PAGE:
Half of U.S. adults should monitor blood pressure at home, study says
Some people go to the doctor and find the intake so nerve-wracking their blood pressure spikes. Others find the routine relaxing, as they're asked to rest for a moment and breathe easy before a blood pressure cuff is wrapped around their arm.
People with borderline hypertension in both categories should confirm the readings by measuring their blood pressure outside their health care provider's office, according to new research published Monday in the American Heart Association journal Hypertension.
Nearly 93 percent of U.S. adults who have high blood pressure when measured in their doctor's office and don't take blood pressure medicine meet the criteria for "white coat hypertension" because their blood pressure is in an acceptable range when re-measured outside a medical setting. Meanwhile, about a third of U.S. adults experience "masked hypertension" because their blood pressure levels measured outside of the doctor's office are more problematic than measurements at the doctor's office.
"For some people, a doctor's office is a place they're relaxed," said Paul Muntner, an epidemiologist at the University of Alabama at Birmingham and the study's senior author. "They are away from job stress, traffic and family issues."
Others, he said, get anxious they are about to get bad news about their blood pressure – or something worse. Their readings in the doctor's office cause concern whereas measuring in a more familiar setting would cause less stress.
In either case, the study used the American College of Cardiology and American Heart Association guidelines to determine that as many as 104 million Americans routinely should use a blood pressure machine at home to provide backup for – or a contrast with – the results from their visit to the doctor's office. People are considered to have high blood pressure if their systolic, or top number, is 130 or higher and their diastolic, or bottom number, is 80 or higher.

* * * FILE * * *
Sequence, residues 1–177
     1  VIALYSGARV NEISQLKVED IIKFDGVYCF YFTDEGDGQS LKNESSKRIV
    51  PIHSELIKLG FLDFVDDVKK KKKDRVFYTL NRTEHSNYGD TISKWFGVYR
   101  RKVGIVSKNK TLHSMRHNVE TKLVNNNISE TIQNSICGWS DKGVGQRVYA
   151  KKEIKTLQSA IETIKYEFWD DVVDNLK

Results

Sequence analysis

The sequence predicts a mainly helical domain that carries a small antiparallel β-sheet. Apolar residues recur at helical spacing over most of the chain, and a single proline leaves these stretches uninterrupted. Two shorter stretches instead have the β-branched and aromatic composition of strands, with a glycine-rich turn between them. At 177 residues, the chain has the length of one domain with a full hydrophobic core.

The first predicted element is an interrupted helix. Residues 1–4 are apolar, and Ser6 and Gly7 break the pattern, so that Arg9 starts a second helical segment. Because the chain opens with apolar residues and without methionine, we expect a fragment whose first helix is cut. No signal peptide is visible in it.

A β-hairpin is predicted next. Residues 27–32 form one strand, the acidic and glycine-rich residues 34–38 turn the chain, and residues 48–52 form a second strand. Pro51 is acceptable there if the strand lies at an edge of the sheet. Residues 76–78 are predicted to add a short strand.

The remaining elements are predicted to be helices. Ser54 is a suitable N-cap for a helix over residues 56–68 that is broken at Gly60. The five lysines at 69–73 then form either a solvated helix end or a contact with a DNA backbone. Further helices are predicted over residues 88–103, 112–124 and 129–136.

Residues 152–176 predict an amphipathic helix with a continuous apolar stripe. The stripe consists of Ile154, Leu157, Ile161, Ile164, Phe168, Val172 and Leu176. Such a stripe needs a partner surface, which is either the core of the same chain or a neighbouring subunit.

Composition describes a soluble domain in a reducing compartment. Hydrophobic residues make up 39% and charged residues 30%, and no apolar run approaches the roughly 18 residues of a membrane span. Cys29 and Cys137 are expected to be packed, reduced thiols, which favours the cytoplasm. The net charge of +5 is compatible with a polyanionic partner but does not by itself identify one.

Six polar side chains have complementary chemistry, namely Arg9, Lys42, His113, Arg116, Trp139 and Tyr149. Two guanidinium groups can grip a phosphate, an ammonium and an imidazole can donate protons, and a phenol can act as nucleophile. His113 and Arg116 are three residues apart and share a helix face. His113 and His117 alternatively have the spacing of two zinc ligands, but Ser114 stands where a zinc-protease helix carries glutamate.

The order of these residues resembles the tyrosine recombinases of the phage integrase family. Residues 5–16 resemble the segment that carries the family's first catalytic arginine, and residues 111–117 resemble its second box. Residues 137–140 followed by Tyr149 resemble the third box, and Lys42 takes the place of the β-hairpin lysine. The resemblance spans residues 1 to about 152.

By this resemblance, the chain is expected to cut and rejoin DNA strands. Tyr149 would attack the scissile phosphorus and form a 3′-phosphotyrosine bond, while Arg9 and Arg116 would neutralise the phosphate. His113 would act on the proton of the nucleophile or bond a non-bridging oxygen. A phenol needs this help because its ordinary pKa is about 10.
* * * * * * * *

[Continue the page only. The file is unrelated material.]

Measuring blood pressure outside of a medical setting doesn't have to be expensive or difficult.
Many pharmacies or grocery stores have blood pressure machines customers can use for free. Reliable home versions with an electronic inflatable cuff can be found at local drug stores for less than $50, and Muntner said the device should be one that already has been tested and validated.
Other options, such as ambulatory blood pressure machines, can be more involved. Those provide readings throughout the day and night and can flag hypertension while people are asleep.
But the sheer size of the population the study suggests should be measuring their blood pressure at home could make it a daunting task to achieve, said Dr. Raymond R. Townsend, who was not associated with the study.
"How many people would be well served by out-of-office blood pressure monitoring? My answer would be virtually anybody," said Townsend, who heads up the high blood pressure program at the Hospital of the University of Pennsylvania in Philadelphia. "I think that's a little ambitious."
The study concedes there are barriers to widespread blood pressure monitoring at home: patient compliance, accuracy of the results, out-of-pocket costs of the device and the time needed to instruct patients on how to take their blood pressure.
What is not subject to debate is the importance of controlling hypertension. The consequences of unmanaged high blood pressure can include heart disease, stroke and organ damage.
And, Muntner said, the study makes a case that there is a benefit to getting more people to check their blood pressure on their own.
"For individual patients, hopefully it means people will be more engaged with their own health care and not just when they go to the doctor's office."
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